Perform high-intensity intervals to lose fat and improve conditioning, while saving time. Research shows that high-intensity sprints are the only form of conditioning to produce significant weight loss. Various high-intensity protocols have been proven effective for fat loss, and this mode of training is preferred over aerobic training. A new study in the European Journal of Applied Physiology provides more evidence for using high-intensity interval training (HIT) to get the greatest results for your effort.
This new study compared a HIT program with steady-state aerobic training on pulmonary lung capacity and function. Physically active, untrained individuals were split into an aerobic training group and a HIT training group. Training was performed on a cycle ergometer three times a week for four weeks. The aerobic protocol was for 45 minutes at a steady state of 60 to 70 percent of maximal, and took 50 minutes total with warm-up. The HIT protocol included five one-minute sprint intervals with three-minute recovery at 90 percent of maximal, and took 23 minutes total with warm-up.
Both groups improved maximal oxygen uptake similarly, while the HIT group had significantly greater improvements in pulmonary lung capacity than the aerobic group. Additionally, in a five-mile time trial the HIT group improved more over pre-training values than the aerobic group. Better pulmonary lung capacity means you have better conditioning or “wind.” Improving it will help you perform better at all sports that require high-intensity activity including basketball, football, hockey, and soccer, and you’ll be able to climb stairs and hike uphill in the mountains without getting out of breath.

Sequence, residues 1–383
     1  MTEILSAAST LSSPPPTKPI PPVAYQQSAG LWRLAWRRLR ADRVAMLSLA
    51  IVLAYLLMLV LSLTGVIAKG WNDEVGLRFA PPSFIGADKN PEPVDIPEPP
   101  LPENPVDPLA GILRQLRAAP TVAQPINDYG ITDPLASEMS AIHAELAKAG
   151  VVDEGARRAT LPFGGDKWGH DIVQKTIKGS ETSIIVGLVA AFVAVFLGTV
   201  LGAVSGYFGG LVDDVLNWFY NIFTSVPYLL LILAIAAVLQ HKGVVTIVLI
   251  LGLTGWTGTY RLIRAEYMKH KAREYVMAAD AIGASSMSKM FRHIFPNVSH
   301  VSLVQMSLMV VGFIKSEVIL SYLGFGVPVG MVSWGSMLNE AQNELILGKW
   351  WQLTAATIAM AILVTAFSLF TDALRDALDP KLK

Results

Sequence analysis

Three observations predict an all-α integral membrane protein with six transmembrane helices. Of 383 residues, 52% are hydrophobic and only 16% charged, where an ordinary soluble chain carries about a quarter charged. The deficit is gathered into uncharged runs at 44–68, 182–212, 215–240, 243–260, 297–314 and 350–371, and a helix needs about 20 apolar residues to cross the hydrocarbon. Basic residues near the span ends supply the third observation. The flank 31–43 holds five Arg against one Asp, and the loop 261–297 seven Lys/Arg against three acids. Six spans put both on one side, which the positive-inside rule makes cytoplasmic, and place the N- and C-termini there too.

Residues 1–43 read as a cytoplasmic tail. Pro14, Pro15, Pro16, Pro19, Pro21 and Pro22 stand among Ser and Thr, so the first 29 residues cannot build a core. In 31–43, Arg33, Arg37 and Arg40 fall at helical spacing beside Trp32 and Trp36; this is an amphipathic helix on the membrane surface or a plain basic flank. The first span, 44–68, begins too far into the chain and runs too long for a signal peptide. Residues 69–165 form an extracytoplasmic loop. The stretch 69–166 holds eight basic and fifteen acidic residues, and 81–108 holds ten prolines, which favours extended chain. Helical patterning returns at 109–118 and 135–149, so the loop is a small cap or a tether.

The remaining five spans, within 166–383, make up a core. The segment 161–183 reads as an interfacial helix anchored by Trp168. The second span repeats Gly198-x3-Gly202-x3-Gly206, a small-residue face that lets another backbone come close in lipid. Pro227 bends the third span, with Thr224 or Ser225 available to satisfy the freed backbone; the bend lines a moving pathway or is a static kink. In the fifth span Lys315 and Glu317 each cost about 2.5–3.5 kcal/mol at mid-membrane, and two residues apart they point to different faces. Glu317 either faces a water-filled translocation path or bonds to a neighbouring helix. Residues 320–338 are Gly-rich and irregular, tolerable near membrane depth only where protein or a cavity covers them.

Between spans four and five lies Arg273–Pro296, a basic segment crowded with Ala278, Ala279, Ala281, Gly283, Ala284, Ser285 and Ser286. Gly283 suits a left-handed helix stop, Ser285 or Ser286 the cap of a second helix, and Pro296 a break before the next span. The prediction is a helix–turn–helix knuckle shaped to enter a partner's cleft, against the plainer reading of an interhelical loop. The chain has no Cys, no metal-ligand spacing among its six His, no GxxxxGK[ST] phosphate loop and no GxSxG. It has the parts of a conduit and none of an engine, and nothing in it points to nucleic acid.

In addition, although not statistically significant, the HIT group lost an average of half a kilo of body mass and decreased waist circumference by half a cm, whereas the aerobic group had no change in body mass and increased waist circumference by .7 cm. Based on evidence from previous studies, a more robust change in body composition would likely occur in the HIT group if the training program was of longer duration. More intense sprint intervals have also proven to induce more fat loss.
For example, a previous study that compared the effect of high-intensity exercise (60 sprints of 8 seconds each, 12 seconds rest) with aerobic exercise (60 percent of maximal oxygen uptake for 40 minutes) found that HIT resulted in significant decreases in overall fat mass, while the aerobic exercise group had a fat gain of 0.44 kg on average. The HIT group also had a significant 9.5 percent decrease in visceral belly fat, whereas the aerobic group had a non-significant increase of 0.2 kg or 10.5 percent. Of related interest is that the HIT group decreased fasting insulin significantly more than the aerobic group (31 versus 9 percent).
High-intensity sprints are so effective for fat loss because they produce more muscle-building, fat-burning hormones such as growth hormone. Plus they support insulin health more than aerobic protocols. Not only does HIT yield better results, but interval protocols tend to take less time, and many trainees find HIT to be less boring.
Along with improving pulmonary lung capacity, HIT has been proven effective for lowering cholesterol and improving cardiovascular health. With all this evidence, it’s a wonder anyone is still doing aerobic training unless they love it!
If you want to lose fat and would like to learn more about the benefits of HIT over aerobic training, check out the article, Belly Fat? Lose It
Trapp, E., Chisholm, D., et al. The Effects of High-Intensity Intermittent Exercise Training and Fat Loss and Fasting Insulin Levels of Young Women. International Journal of Obesity. 2008. 32(4), 684-691.
Kosola, J., Ahotupa, M., et al. Good Aerobic or Muscular Fitness Prevents Overweight Men from Elevated Oxidized LDL. Medicine and Science in Sports and Exercise. September 2011. Published Ahead of Print.
Dunham, C., Harms, C. Effects of High-Intensity Interval Training on Pulmonary Function. European Journal of Applied Physiology. 2011. Published Ahead of Print.